Health care costs too much. It’s more than 16 percent of all the spending in the United States. But what does that really mean? Think of it this way. If you are an average worker, you’ll work about one hour today to cover your share of the costs to operate the health care system. And not just today, but every day. One hour a day, seven hours a week, just to pay for health care.
To understand how excessive this is, imagine that we could do away with the health care system entirely. This could never happen, of course, but if we could collectively spend that one hour per day on living healthier lives, doing things like exercising, cleaning, and cooking, instead of paying for the current health care system, that would make a bigger difference than the health care system does. People would, on average, live healthier, more productive lives and live longer with improved lifestyles than with health care. Without the burden of the health care system, we could actually be healthier.
The right answer, of course, is not to do away with the health care system, but to cut it down to a fraction of its current size — to cut health care costs so that they are similar to what they were in the late 1970s, to reduce the scale of the health care system so that it employs not one in seven workers, but about one in 25.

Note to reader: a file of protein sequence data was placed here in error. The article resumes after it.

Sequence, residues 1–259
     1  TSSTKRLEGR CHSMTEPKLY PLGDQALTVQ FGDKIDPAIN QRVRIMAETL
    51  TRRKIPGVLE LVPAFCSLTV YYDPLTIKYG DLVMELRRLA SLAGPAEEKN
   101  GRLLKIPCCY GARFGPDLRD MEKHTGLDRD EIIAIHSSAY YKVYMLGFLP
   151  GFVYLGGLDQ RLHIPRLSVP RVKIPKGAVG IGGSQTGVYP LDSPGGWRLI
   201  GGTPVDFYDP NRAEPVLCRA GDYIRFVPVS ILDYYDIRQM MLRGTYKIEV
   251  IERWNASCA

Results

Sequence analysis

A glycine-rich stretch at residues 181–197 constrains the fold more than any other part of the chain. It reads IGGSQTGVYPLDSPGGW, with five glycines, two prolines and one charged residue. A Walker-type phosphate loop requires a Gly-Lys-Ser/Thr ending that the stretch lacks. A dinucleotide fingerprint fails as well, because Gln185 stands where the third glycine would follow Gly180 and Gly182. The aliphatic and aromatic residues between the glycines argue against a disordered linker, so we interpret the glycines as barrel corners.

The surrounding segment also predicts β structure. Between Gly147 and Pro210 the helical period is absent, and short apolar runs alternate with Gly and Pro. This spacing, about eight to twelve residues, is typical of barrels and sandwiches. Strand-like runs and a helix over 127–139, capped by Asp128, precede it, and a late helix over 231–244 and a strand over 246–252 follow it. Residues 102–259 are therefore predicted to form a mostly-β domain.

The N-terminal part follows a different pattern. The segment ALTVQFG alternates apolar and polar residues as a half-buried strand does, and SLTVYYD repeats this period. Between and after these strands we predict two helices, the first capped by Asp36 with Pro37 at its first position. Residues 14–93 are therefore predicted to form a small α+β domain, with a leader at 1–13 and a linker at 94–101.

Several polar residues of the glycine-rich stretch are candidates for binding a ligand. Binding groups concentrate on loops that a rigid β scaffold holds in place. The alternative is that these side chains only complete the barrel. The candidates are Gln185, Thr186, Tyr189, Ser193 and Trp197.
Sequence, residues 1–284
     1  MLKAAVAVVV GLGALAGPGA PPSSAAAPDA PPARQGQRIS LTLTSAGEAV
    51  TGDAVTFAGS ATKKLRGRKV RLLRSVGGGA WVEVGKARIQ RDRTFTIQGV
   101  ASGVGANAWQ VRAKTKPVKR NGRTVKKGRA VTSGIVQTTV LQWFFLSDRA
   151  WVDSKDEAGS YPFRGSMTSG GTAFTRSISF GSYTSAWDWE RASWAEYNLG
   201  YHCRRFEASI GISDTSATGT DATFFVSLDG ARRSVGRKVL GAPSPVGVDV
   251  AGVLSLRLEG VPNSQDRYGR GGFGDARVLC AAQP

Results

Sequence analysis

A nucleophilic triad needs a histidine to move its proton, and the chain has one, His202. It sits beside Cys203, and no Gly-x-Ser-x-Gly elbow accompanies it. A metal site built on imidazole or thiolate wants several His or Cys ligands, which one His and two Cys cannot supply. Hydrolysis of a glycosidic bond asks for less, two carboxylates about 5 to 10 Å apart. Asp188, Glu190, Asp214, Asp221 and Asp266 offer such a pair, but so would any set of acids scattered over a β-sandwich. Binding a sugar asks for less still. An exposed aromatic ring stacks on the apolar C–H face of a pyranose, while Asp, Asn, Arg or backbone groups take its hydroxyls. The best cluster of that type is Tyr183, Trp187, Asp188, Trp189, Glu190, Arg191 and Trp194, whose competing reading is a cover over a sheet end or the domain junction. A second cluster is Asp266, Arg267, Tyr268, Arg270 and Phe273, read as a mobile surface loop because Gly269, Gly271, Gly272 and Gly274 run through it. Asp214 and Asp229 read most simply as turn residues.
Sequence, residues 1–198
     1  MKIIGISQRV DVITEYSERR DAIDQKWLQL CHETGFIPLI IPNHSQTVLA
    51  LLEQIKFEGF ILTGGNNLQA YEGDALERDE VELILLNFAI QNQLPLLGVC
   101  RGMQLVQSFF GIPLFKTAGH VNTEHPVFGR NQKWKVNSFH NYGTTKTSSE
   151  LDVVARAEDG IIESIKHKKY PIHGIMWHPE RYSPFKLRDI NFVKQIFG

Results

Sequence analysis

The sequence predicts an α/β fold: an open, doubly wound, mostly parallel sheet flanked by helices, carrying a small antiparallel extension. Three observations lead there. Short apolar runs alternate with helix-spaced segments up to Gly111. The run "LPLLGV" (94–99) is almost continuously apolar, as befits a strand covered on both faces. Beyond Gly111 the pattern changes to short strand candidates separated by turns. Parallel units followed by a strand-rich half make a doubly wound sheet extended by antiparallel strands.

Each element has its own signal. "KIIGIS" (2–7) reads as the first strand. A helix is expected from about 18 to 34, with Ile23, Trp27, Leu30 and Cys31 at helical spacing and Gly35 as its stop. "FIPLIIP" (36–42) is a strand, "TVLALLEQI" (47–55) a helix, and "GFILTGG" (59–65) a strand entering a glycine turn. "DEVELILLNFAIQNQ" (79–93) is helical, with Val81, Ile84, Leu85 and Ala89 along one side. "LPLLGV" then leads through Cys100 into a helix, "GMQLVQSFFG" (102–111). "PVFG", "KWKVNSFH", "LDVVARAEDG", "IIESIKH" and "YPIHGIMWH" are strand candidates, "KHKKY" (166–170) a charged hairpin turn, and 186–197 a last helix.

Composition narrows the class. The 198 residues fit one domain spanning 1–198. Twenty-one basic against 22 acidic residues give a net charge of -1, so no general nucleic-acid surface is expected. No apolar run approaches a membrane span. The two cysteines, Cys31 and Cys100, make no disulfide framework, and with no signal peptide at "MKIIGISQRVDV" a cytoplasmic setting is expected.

This, of course, will not happen with the health care system working the way it is. Many things will have to change in the technology, administration, and regulation of health care for the cost of health care to fall by just 10 percent. But at least people are starting to realize that we can’t wait for the health care system to change. The health care costs we pay are the livelihood of the people who work in the health care system and the profits of the people who own it. It will have to be people outside the system, health care consumers, who get the first changes going.
It makes sense, then, that people are looking to books such as the new Brandi Funk book Cut Your Health Care Costs Now to find ways to personally spend less money on the health care system. This personal cost-cutting is just the beginning. The bigger changes will come when people have more personal knowledge about health and illness, and can take steps to avoid illnesses with simple daily actions that cost almost nothing.
Compare the cost of washing your hands to the cost of treating the flu in the hospital, and you’ll see what I mean. Washing your hands several times a day costs almost nothing, yet it’s the most reliable way to avoid the flu that science knows about at this point. Last year, with the H1N1 flu scare, people were more careful about washing their hands, and the result was the mildest flu season in recent memory. You wouldn’t know it from watching the news, but fewer people than usual got sick with the flu, and fewer people went to the hospital, and this was mainly, scientists think, because people were doing simple things like washing their hands. These are the kinds of changes that will eventually result in lower health care bills for everyone.